Should You Take a Bite of the Latest Restaurant IPOs?

filet mignon
It's been more than two months since Facebook's (FB) messy IPO cooled the market for new listings, but things are starting to heat up again.

There were seven companies that pulled off successful IPOs last week, and one of the more notable names on that list is Del Frisco's (DFRG).

The restaurant operator watches over 32 high-end chophouses. There are nine Del Frisco's Double Eagle Steak House eateries, 19 Sullivan's Steakhouse restaurants, and four of its newer Del Frisco's Grille concept locations.

Aged Beef

Del Frisco's wanted to go public in 2007, but iffy markets got in the way. As soon as the economy began to get wobbly, chophouses frequented by corporations taking their prized clients out to eat fell out of favor.

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It's not as if the market is hungry for upscale steakhouses again. Ruth's Chris parent Ruth's Hospitality (RUTH) has been trading in the single digits since late 2007. The parent company of Morton's of Chicago agreed to be acquired late last year, but that buyout also took place in the single digits.

Del Frisco's had to make sacrifices to make its own deal happen. Underwriters originally planned to offer 7 million shares for as much as $16 a share. Uninspiring demand resulted in the chain offering just 5.8 million shares at $13 apiece.

Save Room for Dessert

The good news here is that Del Frisco's is in a good groove lately. Revenue climbed 24% in its most recent reported quarter, and profitability nearly doubled. There's also the Del Frisco's Grille concept to warm up to. Nation's Restaurant News just named it one of its Hot Concepts for 2012.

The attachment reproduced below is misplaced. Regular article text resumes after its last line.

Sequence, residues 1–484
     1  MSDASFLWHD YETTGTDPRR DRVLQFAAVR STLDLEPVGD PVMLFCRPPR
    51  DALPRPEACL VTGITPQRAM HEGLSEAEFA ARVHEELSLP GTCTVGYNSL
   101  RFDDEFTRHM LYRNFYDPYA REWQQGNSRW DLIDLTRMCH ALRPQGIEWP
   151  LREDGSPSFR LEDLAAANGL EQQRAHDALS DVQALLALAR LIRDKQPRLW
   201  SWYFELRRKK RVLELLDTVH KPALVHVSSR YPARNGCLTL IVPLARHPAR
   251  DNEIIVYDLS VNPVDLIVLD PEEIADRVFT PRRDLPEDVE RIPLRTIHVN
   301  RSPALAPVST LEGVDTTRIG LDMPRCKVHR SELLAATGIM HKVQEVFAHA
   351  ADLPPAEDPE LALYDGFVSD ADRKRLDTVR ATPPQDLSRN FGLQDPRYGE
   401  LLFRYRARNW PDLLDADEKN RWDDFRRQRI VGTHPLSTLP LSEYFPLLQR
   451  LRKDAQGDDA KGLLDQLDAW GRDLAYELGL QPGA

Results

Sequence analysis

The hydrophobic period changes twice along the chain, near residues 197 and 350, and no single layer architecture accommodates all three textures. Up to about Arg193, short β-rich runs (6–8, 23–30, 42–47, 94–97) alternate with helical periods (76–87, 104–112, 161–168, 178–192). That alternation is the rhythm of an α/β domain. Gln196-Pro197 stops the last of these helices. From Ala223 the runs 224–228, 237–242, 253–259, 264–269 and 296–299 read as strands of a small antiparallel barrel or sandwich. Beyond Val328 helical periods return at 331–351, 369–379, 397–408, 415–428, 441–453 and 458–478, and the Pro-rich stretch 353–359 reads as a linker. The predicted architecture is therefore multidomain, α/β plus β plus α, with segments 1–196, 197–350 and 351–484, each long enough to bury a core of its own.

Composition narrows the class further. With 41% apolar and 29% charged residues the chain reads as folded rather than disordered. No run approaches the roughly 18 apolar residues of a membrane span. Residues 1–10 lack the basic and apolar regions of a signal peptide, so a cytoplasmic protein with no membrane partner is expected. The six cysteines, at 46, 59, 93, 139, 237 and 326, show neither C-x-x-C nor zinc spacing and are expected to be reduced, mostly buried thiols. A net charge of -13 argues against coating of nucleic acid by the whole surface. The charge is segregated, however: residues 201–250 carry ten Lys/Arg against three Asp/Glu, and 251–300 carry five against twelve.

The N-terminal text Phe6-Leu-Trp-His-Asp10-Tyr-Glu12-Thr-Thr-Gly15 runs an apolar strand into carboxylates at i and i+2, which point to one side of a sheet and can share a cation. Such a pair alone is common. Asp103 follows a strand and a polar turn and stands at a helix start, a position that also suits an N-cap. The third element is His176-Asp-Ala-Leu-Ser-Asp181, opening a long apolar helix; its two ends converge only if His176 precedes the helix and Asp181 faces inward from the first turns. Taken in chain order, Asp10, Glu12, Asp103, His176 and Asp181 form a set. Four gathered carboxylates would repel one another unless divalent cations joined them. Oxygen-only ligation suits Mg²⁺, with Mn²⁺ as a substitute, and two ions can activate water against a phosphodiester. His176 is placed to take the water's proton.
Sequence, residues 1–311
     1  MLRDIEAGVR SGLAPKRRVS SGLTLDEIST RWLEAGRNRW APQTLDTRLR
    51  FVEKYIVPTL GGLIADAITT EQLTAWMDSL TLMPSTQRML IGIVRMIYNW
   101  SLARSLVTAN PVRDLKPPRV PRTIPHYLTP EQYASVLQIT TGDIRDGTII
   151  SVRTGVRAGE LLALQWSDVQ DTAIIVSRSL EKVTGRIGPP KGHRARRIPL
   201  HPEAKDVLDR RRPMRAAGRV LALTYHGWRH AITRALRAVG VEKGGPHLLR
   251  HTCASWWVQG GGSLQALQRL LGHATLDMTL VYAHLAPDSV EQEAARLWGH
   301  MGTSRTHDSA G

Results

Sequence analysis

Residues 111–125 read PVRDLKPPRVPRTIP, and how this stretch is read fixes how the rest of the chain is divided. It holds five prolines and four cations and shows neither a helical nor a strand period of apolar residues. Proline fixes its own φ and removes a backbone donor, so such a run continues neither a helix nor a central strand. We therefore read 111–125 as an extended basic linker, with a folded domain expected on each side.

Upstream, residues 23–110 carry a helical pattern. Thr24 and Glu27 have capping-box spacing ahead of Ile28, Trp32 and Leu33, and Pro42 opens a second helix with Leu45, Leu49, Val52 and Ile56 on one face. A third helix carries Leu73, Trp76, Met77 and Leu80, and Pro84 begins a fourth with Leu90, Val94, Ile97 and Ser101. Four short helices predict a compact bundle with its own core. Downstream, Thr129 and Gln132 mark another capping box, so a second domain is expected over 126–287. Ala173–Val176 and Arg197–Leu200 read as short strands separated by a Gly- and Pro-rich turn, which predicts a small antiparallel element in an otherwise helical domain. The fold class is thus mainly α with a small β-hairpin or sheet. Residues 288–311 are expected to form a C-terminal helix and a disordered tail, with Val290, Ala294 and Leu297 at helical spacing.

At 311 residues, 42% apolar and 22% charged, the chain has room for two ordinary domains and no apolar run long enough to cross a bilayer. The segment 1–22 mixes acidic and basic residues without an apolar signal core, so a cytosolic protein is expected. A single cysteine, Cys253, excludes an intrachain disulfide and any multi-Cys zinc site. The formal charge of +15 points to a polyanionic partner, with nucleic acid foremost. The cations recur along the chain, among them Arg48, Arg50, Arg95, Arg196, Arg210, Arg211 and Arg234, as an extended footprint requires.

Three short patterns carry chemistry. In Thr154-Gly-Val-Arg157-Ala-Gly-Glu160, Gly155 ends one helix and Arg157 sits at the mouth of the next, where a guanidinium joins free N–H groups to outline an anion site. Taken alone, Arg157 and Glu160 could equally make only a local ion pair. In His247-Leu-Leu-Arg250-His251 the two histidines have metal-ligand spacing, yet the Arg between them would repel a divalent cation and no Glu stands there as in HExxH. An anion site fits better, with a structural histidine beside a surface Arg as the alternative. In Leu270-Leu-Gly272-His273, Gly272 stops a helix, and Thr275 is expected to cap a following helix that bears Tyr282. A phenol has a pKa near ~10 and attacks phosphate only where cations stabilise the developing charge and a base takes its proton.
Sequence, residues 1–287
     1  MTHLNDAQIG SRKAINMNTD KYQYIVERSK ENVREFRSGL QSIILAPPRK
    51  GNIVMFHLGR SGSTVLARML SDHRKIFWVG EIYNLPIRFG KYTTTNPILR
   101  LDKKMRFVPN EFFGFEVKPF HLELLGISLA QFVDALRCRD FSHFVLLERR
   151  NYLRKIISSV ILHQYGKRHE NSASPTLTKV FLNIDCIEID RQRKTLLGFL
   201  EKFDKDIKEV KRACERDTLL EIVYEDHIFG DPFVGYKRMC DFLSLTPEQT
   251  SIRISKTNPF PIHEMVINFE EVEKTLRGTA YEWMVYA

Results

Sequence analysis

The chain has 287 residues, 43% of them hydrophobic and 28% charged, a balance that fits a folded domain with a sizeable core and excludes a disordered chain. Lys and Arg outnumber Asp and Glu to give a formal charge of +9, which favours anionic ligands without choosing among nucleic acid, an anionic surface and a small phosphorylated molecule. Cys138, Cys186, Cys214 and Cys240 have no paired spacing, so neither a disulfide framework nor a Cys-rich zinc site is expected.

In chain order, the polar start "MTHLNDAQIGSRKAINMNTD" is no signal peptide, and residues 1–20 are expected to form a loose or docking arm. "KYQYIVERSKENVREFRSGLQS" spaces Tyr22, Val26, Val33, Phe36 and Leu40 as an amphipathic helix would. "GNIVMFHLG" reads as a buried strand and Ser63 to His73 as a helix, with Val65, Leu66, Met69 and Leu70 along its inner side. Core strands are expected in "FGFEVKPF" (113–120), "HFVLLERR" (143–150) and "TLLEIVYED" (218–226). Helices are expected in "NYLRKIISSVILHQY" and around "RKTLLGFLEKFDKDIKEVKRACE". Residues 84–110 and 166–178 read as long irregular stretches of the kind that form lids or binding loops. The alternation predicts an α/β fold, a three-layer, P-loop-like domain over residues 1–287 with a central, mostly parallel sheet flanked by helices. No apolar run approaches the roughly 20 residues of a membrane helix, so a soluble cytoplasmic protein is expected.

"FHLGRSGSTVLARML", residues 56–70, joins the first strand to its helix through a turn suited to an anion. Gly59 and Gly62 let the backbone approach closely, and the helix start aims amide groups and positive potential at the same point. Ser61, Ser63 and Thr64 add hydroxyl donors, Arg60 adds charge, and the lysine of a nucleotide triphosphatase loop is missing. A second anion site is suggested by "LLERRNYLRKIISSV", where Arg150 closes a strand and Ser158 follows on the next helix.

Del Frisco's Grille is a more casual spin on the classic steakhouse. The menu and decor is more modern, and there's even a rooftop bar to draw patrons upstairs before, after, or in lieu of the restaurant itself.

Expert Cooks Up Recipe For Burger King as Newly Public Company
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Should You Take a Bite of the Latest Restaurant IPOs?

Burger King (BKW) might still be home of the Whopper, but it's far from ruling the burger industry these days.

The fast-food restaurant ranks third among the hamburger giants: Last year, Wendy's (WEN) unseated the chain for the No. 2 spot, and it has never been in range of McDonald's (MCD), the undisputed leader, according to consulting firm Technomic.

Burger King's new status as a public company could give the place to "Have it your way" a fresh start, and energize its recent efforts to woo back shoppers, Steven West, an analyst with ITG Investment Research, tells DailyFinance.

The company returned to the New York Stock Exchange last week, its home from 2006 until 2010, when it was acquired by private investment firm 3G Capital.

3G's revival strategy for Burger King included its biggest menu expansion ever last year -- adding items from premium salads and frappe drinks to bacon sundaes -- and a star-studded national ad campaign that ditched its (arguably creepy) "King" mascot for celebrities like soccer star David Beckham and Jay Leno.

Fast-food lovers seemed to respond: For its most recent quarter, Burger King posted its best comp-store sales performance in more than two years.